What this Millennial is Thankful for: My Introduction to the RIA Industry
November 28, 2018, by Alex Webb
If you Google the term “millennial,” the top stories don’t always show my generation in the best light. “Millennials are responsible for America’s shrinking homeownership.” “Millennials want more while doing less.” “Don’t believe the hype about Millennials.” You get the picture. Separately, if you research the average age of an advisor in the RIA space you’ll see advisors are only getting older. While some may see these two trends – millennials receiving a negative reputation and advisors aging out of the industry – as disparate, I see a great opportunity for these two generations to work together and ultimately, to succeed together. In a recent article written by Janki Patel of The Ensemble Practice, she characterized RIAs as the perfect destination for millennials due to shared values in a mission-focused culture and an appreciation for providing real, valuable work experience. I really believe I’m living proof of this characterization. The RIA industry is all I know, and I’m thankful for that.
A year and a half ago, I had no idea what an RIA was or how it differentiated from a big-name wirehouse. I was finishing my junior year of college and looking for an ever-elusive summer internship. Truthfully, I was just looking for a name. A name I could put on my resume and eventually parlay into a full-time position upon graduation. What I found, though, was far more valuable than that. I found a two-month immersion into an RIA, MAI Capital Management in Cleveland, where I was not only able to understand the ins and outs of investment management but also the ins and outs of how an RIA fits into the larger wealth management and financial services industry.
At the interns’ opening lunch with the Managing Partner, he stated the three main principles of the firm: “We take care of our clients. We take care of each other. We never sacrifice our integrity.” This really resonated with me. While it may seem like typical sales fluff from an executive, these three principles were made evident not only by how the Managing Partner carried himself but by how the entire firm carried itself. You could feel that the people I worked with believed in this mission and that it provided them a sense of purpose.
Fast forward to today, where I’ve been able to parlay that experience – not name – into another great opportunity within the industry. I recently joined PFI Advisors, a consulting firm that provides operational and technology expertise to RIAs as well as wirehouse advisors looking to transition their books of business to the independent space. PFI’s culture never needed to be stated, it was evident throughout the interview process. We go to our wits’ ends analyzing how we can provide a more seamless transition to independence for advisors. We value hands-on growth; made more than evident by Matt and Larissa’s (Founder & Co-Founder of PFI) investment in the careers of Anna and I (both of us are millennials). Case in point to their dedication toward that investment: they were willing to take time out of their busy schedules to tour apartments for me while I was still in Ohio, and even host me in their home once I arrived in Los Angeles.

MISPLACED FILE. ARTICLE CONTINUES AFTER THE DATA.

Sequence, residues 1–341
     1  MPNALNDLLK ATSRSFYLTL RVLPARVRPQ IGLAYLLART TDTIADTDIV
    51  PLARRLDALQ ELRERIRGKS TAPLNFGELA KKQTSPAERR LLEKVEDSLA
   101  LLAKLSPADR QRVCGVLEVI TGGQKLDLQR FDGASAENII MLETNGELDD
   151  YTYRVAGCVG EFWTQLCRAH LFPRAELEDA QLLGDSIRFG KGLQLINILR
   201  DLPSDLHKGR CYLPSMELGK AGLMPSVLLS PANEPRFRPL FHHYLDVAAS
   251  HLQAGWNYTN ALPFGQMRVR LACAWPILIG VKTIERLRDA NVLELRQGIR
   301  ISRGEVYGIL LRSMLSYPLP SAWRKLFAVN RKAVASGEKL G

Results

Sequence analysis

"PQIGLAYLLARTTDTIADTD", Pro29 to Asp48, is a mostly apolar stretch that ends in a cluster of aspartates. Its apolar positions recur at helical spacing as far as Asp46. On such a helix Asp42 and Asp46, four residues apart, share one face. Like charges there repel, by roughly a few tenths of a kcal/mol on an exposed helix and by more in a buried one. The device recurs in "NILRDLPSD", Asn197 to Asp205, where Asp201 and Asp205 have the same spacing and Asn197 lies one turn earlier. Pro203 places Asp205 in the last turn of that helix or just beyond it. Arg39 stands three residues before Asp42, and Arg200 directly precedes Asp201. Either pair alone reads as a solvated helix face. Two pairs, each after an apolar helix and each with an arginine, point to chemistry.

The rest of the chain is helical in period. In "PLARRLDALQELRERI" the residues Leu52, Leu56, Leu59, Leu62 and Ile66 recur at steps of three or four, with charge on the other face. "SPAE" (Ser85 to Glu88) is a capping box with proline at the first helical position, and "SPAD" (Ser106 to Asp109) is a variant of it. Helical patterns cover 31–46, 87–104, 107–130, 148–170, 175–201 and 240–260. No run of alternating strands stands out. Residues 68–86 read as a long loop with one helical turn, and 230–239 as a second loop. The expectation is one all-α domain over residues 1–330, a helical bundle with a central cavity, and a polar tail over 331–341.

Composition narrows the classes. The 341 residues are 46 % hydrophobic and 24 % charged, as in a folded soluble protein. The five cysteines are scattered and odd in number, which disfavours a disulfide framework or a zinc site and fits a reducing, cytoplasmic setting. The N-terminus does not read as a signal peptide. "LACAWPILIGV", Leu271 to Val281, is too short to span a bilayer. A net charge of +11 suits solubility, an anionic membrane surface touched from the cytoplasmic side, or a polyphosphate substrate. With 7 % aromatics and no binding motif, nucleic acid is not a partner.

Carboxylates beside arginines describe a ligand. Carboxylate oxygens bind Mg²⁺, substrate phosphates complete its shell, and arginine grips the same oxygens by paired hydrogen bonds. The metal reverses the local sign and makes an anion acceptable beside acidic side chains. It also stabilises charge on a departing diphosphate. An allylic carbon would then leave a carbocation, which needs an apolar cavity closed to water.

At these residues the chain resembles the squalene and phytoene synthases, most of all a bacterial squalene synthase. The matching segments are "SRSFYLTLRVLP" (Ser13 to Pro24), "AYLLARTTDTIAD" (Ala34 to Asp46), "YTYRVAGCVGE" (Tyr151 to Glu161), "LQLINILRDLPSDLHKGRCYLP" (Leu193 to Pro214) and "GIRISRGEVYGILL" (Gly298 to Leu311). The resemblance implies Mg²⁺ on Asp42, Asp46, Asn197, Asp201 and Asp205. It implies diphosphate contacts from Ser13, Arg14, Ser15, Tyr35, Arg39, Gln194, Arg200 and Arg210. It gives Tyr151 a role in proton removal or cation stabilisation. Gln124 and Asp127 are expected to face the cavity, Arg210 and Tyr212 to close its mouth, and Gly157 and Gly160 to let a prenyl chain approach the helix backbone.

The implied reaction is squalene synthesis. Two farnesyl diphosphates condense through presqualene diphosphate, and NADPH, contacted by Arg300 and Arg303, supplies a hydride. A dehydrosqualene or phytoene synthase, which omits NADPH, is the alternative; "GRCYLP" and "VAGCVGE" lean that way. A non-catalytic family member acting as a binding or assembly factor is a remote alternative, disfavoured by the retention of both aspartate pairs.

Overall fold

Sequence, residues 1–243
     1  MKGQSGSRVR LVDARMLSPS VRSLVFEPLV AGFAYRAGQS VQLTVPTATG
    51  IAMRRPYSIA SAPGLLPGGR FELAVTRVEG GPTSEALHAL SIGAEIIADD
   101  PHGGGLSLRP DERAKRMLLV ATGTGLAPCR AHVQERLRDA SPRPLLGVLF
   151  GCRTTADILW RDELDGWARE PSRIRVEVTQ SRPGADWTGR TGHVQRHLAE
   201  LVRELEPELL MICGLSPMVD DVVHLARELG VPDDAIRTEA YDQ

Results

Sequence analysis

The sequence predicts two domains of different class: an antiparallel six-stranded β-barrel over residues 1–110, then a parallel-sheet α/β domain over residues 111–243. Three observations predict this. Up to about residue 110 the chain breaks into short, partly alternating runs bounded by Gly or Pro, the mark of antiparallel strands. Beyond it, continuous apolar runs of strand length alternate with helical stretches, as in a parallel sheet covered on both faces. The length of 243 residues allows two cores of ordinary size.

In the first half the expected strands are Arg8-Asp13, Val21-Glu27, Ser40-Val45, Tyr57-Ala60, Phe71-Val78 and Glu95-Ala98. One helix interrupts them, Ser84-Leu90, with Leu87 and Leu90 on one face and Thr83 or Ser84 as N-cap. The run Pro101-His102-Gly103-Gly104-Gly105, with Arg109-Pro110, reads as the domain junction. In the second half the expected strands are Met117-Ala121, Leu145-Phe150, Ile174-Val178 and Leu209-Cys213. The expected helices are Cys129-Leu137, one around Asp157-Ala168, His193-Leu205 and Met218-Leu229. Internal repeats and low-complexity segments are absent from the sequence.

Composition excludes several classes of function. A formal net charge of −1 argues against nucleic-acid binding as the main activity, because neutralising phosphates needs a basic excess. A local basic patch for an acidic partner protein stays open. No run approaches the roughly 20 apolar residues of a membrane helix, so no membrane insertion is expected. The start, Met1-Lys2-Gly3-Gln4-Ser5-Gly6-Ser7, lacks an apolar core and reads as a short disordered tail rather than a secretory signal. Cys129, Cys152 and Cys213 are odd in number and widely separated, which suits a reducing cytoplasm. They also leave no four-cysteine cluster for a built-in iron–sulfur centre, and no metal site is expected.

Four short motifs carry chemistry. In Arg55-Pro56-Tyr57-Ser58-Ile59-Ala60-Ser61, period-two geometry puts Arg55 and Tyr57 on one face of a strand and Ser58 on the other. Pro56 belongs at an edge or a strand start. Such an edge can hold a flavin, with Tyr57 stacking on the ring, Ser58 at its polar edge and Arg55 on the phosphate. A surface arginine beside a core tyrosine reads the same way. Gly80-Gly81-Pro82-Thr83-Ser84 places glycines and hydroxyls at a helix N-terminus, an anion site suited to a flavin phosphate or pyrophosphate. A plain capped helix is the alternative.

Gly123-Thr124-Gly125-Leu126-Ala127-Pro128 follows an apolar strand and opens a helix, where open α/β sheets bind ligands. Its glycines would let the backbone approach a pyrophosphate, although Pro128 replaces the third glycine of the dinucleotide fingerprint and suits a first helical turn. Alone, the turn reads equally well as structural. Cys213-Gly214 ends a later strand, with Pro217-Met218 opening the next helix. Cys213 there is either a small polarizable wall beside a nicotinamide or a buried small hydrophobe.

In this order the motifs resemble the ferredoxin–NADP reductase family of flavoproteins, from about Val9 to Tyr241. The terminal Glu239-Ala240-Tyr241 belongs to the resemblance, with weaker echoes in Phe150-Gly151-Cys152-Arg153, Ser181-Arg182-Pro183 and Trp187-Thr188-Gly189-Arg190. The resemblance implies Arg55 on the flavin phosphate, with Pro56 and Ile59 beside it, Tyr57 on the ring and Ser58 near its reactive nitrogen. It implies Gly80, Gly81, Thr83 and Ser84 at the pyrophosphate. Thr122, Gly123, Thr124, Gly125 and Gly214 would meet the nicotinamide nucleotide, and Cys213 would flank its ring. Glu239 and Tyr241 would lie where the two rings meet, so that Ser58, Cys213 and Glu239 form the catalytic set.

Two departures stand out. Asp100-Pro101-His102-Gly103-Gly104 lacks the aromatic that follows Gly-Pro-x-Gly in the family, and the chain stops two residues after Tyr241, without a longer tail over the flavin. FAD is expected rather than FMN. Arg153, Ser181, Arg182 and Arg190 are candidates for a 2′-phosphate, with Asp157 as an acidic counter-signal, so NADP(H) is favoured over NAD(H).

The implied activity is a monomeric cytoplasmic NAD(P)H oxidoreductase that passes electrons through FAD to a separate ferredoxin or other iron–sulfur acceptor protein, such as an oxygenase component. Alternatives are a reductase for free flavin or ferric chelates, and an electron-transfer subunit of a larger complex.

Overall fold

Another incredible aspect of working in this industry is the amount of hands-on work I’ve received from Day One. During my internship last summer, I would routinely analyze mutual fund returns and my findings would then be sent directly to clients. Conversely, my roommates, who interned for large regional banks, were simply tasked with remedial, internally-based projects (manual data entry, cold calling prospective clients, getting lunch orders, etc.) that added little to no real value to the company or to their knowledge of the company. At PFI, exactly one week after I started, I was flown across the country to New York City to help the PFI team transition our client’s assets into their newly formed RIA. The ongoing opportunities for personal growth really amaze me. I’m not just pushing paper in a back office or fielding calls, I’m doing real work that has a palpable effect on the greater good of the firm.
I think this all can paint a pretty powerful picture for RIAs struggling to find new, young talent. Like Miss Patel said, “You can’t ignore us.” The millennial generation is the future of your firm. Just as you help your clients invest in their financial future, you need to properly invest in the human capital future of your firm. How can you do this? Create internships and entry level positions that do real, valuable work. These positions provide the much needed work experience to help develop younger talent. Having a smaller employee headcount can be a selling point to those millennials that want to provide value from Day One.
Over the past year and a half, I’ve had the privilege to be exposed to the best this industry has to offer. It’s truly inspiring and motivating. My message to RIAs is simple: give us a chance. As I hope you can see, my experience in your industry has been nothing short of incredible. While millennials may not know a lot about the industry just yet, our inherent values align. To harvest this relationship, don’t just articulate your culture; make it tangible. Create positions that hold real value in the firm, and trust us – we love helping people, just like you do. I commend the RIAs that are already doing this, and I urge the ones that aren’t, to do so quickly. Invest in your next generation of talent so our combined future becomes one that you can be proud of.